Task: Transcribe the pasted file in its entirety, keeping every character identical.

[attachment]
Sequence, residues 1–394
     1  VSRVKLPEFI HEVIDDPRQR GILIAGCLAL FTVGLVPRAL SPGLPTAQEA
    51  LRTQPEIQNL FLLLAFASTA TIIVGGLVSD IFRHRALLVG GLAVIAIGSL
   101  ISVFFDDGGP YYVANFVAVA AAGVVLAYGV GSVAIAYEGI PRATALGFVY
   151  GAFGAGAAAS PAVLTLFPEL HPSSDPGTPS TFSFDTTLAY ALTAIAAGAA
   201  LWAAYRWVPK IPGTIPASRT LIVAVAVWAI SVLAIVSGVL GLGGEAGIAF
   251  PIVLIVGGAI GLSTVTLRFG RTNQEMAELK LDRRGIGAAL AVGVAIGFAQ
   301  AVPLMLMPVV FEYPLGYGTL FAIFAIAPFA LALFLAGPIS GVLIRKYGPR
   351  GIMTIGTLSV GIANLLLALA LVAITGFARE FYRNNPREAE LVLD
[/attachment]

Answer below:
Sequence, residues 1–394
     1  VSRVKLPEFI HEVIDDPRQR GILIAGCLAL FTVGLVPRAL SPGLPTAQEA
    51  LRTQPEIQNL FLLLAFASTA TIIVGGLVSD IFRHRALLVG GLAVIAIGSL
   101  ISVFFDDGGP YYVANFVAVA AAGVVLAYGV GSVAIAYEGI PRATALGFVY
   151  GAFGAGAAAS PAVLTLFPEL HPSSDPGTPS TFSFDTTLAY ALTAIAAGAA
   201  LWAAYRWVPK IPGTIPASRT LIVAVAVWAI SVLAIVSGVL GLGGEAGIAF
   251  PIVLIVGGAI GLSTVTLRFG RTNQEMAELK LDRRGIGAAL AVGVAIGFAQ
   301  AVPLMLMPVV FEYPLGYGTL FAIFAIAPFA LALFLAGPIS GVLIRKYGPR
   351  GIMTIGTLSV GIANLLLALA LVAITGFARE FYRNNPREAE LVLD